The first story revolves on a particular teacher who taught us mathematics. His robust masculine appearance, the streamlined moustache, hair combed backwards and pasted to the pate with Brylcream resembled the Western heart throb, Clark Gable in the film Gone with the Wind.
I could remember him entering the classroom and going straight to the blackboard, drawing figures while talking to the class stridently and then turning towards us and dictating questions for us to struggle with mathematical theorems.
It happened to be a rainy day where not many students turned up for lessons. Consequently he decided to inspect graph books of students and summoned the first boy to come up with his book.
Period of doldrums
“Genave neha, Sir” (Forgot to bring ) was the boy’s answer.
“Gedara palyan, gihin potha aran varen ”…..!. (Go home and bring the book), the Master ordered.
So the first boy left. Same happened to the second and third boys with equal measure. Fortunately the fourth student had his book and he was asked to remain in the classroom while the rest of the class watched until it came to his own son’s turn.
When the junior approached the teacher (father) the same question was put to him: “Ko umbe potha”. (Where is your book….? ). “Genave neha” (didn’t bring).
The teacher suddenly flipped out and called the fourth boy (who was asked to stay back), and in a silent aside said… “Lamaya umba duwala gihin ara gedara yana lamainta apahu enne kiyapan”.(Child, quickly run and ask those children who are going home to come back).
The happy lot while returning to the classroom thought they would get a reprieve because of the teacher’s son who was also in the same boat, but it was not to be.
He commanded another boy: “Umba mage office ekata gihin mage vewela aran waren” (go to my office and bring the cane).
The ultimate result was that everyone except the one who had the book received a spanking, thus showing the impartiality and fairness displayed by a set of professional teachers.
An old Cambrian now writes referring to a particular Principal during whose tenure ‘the college activities were allowed to go to doldrums, dictated by ( S……y) the peon who was powerful and nick named as the 'Vice Principal’! Depressing indeed it was, he recollects, even his predecessor, during the final stages of being Principal of the College delegated the task of rubber stamping student reports to the peon in preference to signing them personally.
Another old boy who taught at the College for a short spell recalls a hilarious incident, connected with the ‘peon narrative’. When a notice was circulated to class teachers to ‘forward student reports to the Principal for signature’ our mathematics teacher has taken the pun out of it by commenting: “The reports must reach the peon for rubber stamping”.
There were so many Tamil teachers at one time at PWC, their names ending with ….. …segaram to ………..sundaram and ……ratnam to ……. tanam, who were teaching Science subjects. The famous …….ratnam who used to walk, to some extent leaning to a side, was nicknamed and depicted in the College Magazine in a cartoon as “The Leaning Tower of PWC!”
Another Tamil master who taught Zoology suffered from nasty coughing bouts. It rather became a distraction, apart from spreading germs, when students became more interested in recording the number of times he coughed during a 45 minute period rather than concentrating on the lesson.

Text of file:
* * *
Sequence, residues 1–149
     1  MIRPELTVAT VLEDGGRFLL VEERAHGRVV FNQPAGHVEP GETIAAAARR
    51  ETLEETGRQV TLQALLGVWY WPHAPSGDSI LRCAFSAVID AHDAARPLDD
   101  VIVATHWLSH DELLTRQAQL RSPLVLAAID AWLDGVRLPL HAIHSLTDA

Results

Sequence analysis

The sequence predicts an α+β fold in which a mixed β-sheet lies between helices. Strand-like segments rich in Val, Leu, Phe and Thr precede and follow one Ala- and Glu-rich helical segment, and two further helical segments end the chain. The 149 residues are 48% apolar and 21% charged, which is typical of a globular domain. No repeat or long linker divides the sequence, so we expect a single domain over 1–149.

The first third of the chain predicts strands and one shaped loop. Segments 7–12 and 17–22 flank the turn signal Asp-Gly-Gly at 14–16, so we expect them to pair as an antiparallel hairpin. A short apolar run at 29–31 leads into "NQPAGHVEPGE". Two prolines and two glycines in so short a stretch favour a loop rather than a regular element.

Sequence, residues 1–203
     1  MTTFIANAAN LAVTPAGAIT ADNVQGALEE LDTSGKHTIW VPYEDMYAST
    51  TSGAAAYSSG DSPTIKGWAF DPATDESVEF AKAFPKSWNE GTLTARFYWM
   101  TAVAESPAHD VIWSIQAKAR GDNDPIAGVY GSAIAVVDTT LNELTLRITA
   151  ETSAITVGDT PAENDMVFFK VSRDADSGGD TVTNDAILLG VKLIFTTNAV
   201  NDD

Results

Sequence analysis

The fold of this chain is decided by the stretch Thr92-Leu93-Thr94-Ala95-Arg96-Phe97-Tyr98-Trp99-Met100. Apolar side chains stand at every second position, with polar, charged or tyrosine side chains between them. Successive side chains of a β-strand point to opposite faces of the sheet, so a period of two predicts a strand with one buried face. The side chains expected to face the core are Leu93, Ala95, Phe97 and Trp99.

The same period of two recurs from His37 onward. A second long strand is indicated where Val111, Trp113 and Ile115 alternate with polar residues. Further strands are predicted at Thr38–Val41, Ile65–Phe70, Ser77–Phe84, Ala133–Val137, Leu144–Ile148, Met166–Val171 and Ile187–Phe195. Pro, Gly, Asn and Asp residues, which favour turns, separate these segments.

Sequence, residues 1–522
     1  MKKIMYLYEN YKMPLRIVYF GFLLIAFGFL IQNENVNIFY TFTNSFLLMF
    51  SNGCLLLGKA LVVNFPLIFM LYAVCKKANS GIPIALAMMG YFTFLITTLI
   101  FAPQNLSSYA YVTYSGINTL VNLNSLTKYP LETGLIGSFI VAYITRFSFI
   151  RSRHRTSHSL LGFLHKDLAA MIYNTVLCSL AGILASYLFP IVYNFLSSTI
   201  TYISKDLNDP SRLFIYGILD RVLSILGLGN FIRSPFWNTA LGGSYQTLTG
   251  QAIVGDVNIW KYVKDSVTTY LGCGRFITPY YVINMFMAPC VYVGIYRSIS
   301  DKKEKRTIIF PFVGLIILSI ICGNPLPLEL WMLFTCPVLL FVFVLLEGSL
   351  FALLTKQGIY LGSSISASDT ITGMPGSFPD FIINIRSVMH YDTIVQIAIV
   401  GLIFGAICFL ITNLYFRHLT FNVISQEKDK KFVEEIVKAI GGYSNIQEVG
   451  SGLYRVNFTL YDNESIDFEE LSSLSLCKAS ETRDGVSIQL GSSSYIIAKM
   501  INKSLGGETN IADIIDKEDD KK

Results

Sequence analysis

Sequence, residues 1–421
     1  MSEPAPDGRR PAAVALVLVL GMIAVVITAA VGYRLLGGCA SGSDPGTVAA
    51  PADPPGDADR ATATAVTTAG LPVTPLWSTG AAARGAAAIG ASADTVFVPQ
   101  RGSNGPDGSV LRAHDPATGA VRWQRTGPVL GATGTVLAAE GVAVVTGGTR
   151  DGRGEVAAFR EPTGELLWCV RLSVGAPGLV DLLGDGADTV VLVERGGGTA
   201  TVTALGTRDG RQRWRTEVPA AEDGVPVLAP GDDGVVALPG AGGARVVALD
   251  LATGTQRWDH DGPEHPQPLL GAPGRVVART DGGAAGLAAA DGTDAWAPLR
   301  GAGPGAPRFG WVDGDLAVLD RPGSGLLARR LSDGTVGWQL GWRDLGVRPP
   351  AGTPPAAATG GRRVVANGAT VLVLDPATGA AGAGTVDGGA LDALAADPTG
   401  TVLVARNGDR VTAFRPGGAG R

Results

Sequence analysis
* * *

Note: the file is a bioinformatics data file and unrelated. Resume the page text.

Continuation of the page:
Another respectable Zoology master …….. sundaram, whose hobby was photography, hit the roof when a student had his name on display on the blackboard in big capital letters with a prefix BALU ………. . He lost his cool so much that Mr. Nobert Dias (deceased) had to cool him down saying, “after all you are doing zoology………..” which was followed by laughter.
There were two eminent drawing masters at PWC who were equally outstanding and had been like part of the Prince of Wales College furniture. I can recall how my elder brother (the late M .R. Fernando - Former Director of Highways) telling me how he shared the office of one of these art masters (during his time) to have his lunch.
The only difference between the two drawing masters had been that one was fluent in Sinhala whereas the other one was a bit rusty. Once, the son of the master who was proficient in Sinhala had drawn a picture of two cows (one without a tail) grazing and given a poetic caption in Sinhala to suit the drawing: "Gon dedenek vel eliyake kaka uni" (Once upon a time there were two cows grazing in a paddy field).
The drawing master who was not skilful in Sinhala had admired the drawing but could not understand the poetic phrase that went with it. In the meanwhile an ebullient teacher, who was eloquent in Sinhala, had quipped in a good-humoured manner; “that’s meant for people like you”, which certainly had irked the other teacher in no small measure but could not do anything to his colleague whose sense of humour was inimitable.
Looking at the progress or the regress of the College and going back to two-three decades, the pulse of several old Cambrians felt today indicate that the reason why PWC could not retain teachers of par excellence and veracity in the Upper School was due to out-and-out mismanagement by the then Vice Principal, the famous (infamous Brahamin!) bachelor who was always seen walking along the corridors (on his heels) with feet wide apart as if to avoid obstructions on his way while dangling his bunch of keys on his left palm. Whatever the obstacles he may have foreseen right in front of him at that time during his walks, it appears now that he had been the cause for many a student to leave Prince of Wales!
The general consensus now coming out of some old boys is that if teachers of the calibre of the late Messrs. A.P.M. Peiris or Norbert Dias had been the Vice Principal at the time, the College would have gone to a better place far beyond!